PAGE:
I learned about One Little Word from the lovely ladies over at Two Writing Teachers. Distilled, the idea is to choose just one little word instead of creating a hefty and most likely too-ambitious tome of resolutions for the new year. Well, I've been thinking hard about what my little word will be. Many changes have come in this last year. More than change, though, I've transitioned from a college student chomping at the bit to get into the field to an exhausted first-year teacher who can't find much else that matches the feeling of creating good lessons that help my students grow as readers, writers and critical citizens. I've learned that in addition to maturing professionally, I'm maturing personally in ways I hadn't expected nor foresaw. I'm seeing with greater clarity the blessings that exist in my life. My one little word, a long time coming, is:
It's not the prettiest word. Nor the most profound. But it's a place that I want--and need--to visit more often. I'm discovering how good it feels to be grateful--how it can lift me out of a gray mood or reroute my thoughts when I start feeling sorry for myself. Yes, as I change and grow and learn my way through 2009, I will try to remember to be at all times grateful for a whole host of people, factors and circumstances that contribute to my well-being and the well-being of those I love.
What will your One Little Word be? Think on it.
I know you are all impressed by my stunningly creative post title. Thank you, thank you. I just started the book--a 1977 copy from my mother's bookshelf and the first book in a while that she cautioned me against losing or wrecking. And I see why!
For starters, I want to say that if I were a writer, I would want to write just like Tom Robbins. Many a professor has either marveled or cringed (or both) at my ability to craft meandering sentences that, while remaining grammatically correct and while avoiding the status of run-on, could be much aided by a period, semicolon, dash (my personal favorite) or colon here or there. And while I was thoroughly not Faulknerian by any stretch of the imagination, Tom Robbins is slightly so, with a deliciously mild hippie--hear that, NOT hipster, hippie--edge.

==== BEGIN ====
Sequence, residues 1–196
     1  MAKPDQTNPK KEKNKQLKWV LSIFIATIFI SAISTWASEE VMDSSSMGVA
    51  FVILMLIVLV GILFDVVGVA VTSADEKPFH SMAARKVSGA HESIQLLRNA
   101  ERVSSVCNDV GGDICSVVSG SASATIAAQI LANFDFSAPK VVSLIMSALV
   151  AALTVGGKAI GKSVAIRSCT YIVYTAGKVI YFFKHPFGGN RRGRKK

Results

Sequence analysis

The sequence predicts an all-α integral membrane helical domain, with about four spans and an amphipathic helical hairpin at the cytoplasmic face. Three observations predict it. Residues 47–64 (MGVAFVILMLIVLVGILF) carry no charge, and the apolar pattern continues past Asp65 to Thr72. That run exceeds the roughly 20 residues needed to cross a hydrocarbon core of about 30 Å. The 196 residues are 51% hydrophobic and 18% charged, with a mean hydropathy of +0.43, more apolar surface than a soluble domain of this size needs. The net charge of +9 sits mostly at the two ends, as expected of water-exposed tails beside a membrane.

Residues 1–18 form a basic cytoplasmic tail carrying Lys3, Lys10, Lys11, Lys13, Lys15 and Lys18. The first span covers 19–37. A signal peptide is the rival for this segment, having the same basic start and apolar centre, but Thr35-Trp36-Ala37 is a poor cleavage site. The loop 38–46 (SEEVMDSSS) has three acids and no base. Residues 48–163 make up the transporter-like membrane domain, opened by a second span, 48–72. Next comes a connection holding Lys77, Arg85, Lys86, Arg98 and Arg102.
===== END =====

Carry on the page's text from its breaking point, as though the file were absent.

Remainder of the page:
Most impressive to me, thus far, though, is Robbins' acute and eerily applicable portrayal of economic, political and social realities of America. (No way, TPBN, you say, you? Enjoying the political and social implications of a book? Get right out of town. . .).
Here are some passages which I expect will become most cherished and dear to me:
So Sissy lived in Richmond, Virginia, in the Eisenhower Years, so called as if the passing seasons, with their eggs hatching and rivers rising, their cakes baking and stars turning, their legs dancing and hearts melting, their lamas levitating and poets doing likewise, their cheerleaders getting laid at drive-in picture shows and old men dying in rooms over furniture stores, as if they, the passing seasons, could be branded by a mere President; as if time itself could toddle out of Kansas and West Point, popularize a military jacket and seek election to Eternity on the Republican ticket.
Faulknerian, indeed. And beautifully so. This idea of not defining time and nature and the minute details that encompass human life simply by, in his words, mere external circumstances such as Presidency is of great interest to me. We get so wrapped up in the states of our political reality that selves get lost and people are forgotten--even by the candidates chosen to represent them, at times.
But plans are one thing and fate another. When they coincide, success results. Yet success mustn't be considered the absolute. It is questionable, for that matter, whether success is an adequate response to life. Success can eliminate as many options as failure.